The world's largest social media network Facebook took measures to make it more difficult to run fake or compromised accounts on its platform as it demanded authorization from its users who have a large number of followers in the US.
The world’s largest social media network Facebook on Friday took measures to make it more difficult to run fake or compromised accounts on its platform as it demanded authorization from its users who have a large number of followers in the US. “Today we’re introducing Page publishing authorization starting with people that manage a Page with a large audience in the US,” Facebook said. People who manage these Pages will be required to complete an authorization process in order to continue to post, making it harder for people to administer a Page using a fake or compromised account, said the California-based social media company.
The new measures will ask administrators of Facebook pages to secure their account with two-factor authentication and confirm their primary home location. Facebook said people will see more details in the Info and Ads section of Pages after a new section is added to show the primary country locations where those Pages are managed from. Facebook said the requirement will be enforced soon this month, which will be applied to other Facebook platforms such as Instagram in the next few weeks.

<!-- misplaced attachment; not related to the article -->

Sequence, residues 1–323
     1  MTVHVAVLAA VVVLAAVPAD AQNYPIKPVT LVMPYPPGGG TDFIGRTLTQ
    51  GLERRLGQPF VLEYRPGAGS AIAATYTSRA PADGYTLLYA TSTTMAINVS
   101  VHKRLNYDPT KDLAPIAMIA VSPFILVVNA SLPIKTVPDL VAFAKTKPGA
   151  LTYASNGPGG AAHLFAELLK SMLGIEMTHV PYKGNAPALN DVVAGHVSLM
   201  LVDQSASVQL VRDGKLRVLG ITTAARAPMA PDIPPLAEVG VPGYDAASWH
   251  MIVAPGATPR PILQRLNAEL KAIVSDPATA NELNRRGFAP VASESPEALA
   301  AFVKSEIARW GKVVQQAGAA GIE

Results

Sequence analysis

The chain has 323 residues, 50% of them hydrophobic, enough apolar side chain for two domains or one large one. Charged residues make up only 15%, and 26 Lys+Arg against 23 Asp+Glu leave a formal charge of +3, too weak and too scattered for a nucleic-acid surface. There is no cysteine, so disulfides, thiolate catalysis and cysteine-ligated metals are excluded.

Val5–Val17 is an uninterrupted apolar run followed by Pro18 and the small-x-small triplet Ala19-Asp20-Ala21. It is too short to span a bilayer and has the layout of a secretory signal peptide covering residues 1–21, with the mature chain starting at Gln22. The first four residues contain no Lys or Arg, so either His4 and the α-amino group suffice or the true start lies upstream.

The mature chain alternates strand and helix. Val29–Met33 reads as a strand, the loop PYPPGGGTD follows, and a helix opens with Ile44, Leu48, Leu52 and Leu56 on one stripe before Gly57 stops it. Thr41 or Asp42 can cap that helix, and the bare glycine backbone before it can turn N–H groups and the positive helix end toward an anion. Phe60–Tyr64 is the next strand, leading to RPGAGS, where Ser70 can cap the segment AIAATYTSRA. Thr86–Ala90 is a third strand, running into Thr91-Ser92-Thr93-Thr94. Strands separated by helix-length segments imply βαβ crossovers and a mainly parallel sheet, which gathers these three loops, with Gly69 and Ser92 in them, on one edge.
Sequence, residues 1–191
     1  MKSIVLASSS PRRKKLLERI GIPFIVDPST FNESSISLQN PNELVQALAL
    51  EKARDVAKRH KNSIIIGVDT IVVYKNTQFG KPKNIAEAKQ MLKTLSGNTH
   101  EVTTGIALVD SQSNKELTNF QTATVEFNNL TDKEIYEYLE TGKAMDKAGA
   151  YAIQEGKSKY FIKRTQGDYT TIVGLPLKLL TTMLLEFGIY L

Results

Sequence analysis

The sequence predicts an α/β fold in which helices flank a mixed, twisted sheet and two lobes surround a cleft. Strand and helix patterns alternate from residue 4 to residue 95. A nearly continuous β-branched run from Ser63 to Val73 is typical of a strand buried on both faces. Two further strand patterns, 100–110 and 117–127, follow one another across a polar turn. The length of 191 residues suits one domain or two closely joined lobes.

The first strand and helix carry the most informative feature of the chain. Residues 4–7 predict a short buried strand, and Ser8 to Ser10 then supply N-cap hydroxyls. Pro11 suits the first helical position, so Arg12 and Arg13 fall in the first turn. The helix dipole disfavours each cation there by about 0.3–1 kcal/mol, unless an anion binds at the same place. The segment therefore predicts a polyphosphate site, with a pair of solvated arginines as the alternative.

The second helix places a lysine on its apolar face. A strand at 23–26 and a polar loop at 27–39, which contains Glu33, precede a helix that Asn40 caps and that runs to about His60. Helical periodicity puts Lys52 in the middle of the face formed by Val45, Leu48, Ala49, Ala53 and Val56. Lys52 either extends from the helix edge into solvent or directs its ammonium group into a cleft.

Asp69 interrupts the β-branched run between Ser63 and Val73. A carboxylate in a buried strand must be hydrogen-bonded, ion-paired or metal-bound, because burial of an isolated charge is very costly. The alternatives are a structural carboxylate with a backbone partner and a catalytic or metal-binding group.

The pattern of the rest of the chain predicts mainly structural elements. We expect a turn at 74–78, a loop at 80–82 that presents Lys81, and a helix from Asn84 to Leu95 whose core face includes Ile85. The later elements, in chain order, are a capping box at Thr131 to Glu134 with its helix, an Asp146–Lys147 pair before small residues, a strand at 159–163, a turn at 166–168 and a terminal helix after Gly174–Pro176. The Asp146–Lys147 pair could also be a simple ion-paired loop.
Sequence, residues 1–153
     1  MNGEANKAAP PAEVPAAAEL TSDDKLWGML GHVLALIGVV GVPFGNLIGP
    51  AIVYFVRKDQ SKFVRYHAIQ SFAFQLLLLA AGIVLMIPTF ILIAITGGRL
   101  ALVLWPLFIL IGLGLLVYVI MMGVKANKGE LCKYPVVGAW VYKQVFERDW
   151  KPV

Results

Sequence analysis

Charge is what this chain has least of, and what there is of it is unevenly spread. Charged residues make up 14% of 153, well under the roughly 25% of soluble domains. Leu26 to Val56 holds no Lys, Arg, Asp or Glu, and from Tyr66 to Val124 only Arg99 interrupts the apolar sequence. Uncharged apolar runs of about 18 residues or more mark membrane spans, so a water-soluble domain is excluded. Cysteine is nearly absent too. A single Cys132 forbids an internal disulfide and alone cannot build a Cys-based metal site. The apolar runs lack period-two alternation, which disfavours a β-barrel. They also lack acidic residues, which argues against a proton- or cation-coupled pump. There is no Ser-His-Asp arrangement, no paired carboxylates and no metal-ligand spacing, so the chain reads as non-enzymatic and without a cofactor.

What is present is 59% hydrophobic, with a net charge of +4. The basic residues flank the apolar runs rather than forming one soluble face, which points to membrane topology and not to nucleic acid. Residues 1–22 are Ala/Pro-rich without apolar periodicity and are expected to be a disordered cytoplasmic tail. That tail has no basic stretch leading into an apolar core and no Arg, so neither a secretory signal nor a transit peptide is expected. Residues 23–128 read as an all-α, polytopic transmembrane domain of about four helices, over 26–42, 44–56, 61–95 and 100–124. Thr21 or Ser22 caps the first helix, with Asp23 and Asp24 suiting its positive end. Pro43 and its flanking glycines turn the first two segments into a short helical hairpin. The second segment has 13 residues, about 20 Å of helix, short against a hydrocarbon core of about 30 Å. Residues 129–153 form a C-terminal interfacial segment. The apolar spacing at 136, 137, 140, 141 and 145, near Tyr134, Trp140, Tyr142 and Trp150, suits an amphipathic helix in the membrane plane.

The new measures are part of Facebook’s recent campaigns to prevent organizations and individuals from creating accounts that mislead its users before the US mid-term elections are going to take place in November. Last week, Facebook deleted 32 Pages and accounts from its platform and Instagram for being “involved in coordinated inauthentic behaviour”. It said its security unit has found a coordinated campaign on its platform aiming to exert political influence ahead of the November US elections.